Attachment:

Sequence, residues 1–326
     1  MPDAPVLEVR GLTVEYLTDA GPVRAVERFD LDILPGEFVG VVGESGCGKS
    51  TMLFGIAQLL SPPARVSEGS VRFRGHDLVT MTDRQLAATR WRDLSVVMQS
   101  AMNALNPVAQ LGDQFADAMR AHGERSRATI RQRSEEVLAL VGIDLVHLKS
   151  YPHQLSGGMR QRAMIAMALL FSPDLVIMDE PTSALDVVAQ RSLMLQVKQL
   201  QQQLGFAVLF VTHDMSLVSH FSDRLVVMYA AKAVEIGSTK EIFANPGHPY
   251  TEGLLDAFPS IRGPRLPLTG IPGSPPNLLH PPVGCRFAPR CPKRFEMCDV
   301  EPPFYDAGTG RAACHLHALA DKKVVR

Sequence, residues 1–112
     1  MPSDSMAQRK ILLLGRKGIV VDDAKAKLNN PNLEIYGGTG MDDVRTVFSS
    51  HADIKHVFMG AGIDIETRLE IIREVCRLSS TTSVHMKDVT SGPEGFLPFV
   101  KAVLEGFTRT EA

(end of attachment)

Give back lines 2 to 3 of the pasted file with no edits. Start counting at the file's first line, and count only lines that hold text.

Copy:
     1  MPDAPVLEVR GLTVEYLTDA GPVRAVERFD LDILPGEFVG VVGESGCGKS
    51  TMLFGIAQLL SPPARVSEGS VRFRGHDLVT MTDRQLAATR WRDLSVVMQS